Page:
At the instant a cloud floated over the sun, and soon a black bank began to fill up the sky above the ca?on. As they ate their breakfast in the tent, the morning darkened forebodingly. Felipa finished the big quart cup of weak coffee hurriedly, and stood up, pushing[Pg 99] back her camp-stool. Her horse and four others were waiting. The curtain-raiser to the tragedy about to come upon the boards was a little comedy.
"Several things, thanks. You haven't told me yet what version of it your husband gave to Stone." [Pg 242]Cairness was a little anxious. It was succeed or fail right here. He himself had never dreamed how it irked her until now. It was many years since he had been in the East, not, indeed, since Felipa had been a small child.[Pg 160] Keeping his promise to Cabot, as he understood it, had left him little for such pleasures as that. But he had done his duty then; he would do it again, and reap once more what seemed to him the inevitable reward, the reward which had been his all through his life,—sheer disappointment, in all he prized most, ashes and dust.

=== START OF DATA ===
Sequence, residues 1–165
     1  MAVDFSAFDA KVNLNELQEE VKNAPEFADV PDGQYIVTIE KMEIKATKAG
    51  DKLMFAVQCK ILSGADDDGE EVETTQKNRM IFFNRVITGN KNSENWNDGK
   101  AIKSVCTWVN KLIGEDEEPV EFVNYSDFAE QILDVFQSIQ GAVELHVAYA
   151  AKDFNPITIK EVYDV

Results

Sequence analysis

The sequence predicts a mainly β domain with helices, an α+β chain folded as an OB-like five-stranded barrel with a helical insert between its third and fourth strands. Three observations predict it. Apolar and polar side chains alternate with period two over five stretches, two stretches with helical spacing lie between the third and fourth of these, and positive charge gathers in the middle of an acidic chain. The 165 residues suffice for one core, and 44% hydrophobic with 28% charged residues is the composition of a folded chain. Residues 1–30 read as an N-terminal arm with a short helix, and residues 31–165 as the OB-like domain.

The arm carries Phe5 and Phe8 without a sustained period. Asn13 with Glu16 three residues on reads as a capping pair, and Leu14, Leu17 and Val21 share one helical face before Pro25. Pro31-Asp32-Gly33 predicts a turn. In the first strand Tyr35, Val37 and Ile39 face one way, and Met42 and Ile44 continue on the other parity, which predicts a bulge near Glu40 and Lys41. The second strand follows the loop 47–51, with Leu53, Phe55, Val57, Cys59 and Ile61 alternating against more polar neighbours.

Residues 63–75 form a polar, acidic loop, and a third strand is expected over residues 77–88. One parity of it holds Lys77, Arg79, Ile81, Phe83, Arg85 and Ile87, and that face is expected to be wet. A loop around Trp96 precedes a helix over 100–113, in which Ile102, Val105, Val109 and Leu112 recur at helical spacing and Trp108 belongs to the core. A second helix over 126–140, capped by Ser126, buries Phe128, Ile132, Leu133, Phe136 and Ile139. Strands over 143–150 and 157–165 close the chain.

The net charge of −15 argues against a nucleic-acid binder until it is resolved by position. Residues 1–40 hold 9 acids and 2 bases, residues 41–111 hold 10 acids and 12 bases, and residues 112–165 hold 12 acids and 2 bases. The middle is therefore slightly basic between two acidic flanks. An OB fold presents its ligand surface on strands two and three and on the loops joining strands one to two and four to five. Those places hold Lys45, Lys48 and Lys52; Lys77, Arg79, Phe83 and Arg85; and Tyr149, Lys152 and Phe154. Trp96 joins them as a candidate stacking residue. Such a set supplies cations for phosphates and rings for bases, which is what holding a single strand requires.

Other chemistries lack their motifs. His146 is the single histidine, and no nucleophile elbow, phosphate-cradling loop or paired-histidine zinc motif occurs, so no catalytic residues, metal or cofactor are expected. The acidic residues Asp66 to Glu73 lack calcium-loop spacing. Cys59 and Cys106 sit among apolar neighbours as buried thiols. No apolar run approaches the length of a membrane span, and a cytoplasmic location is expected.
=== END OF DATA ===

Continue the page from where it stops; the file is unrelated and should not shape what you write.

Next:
Somewhere in that same poem, he remembered, there had been advice relative to a man's contending to the uttermost for his life's set prize, though the end in sight were a vice. He shrugged his shoulders. It might be well enough to hold to that in Florence and the Middle Ages. It was highly impracticable for New Mexico and the nineteenth century. So many things left undone can be conveniently laid to the prosaic and materialistic tendencies of the age. Things were bad enough now—for Landor, for himself, and most especially for Felipa. But if one were to be guided by the romantic poets, they could conceivably be much worse.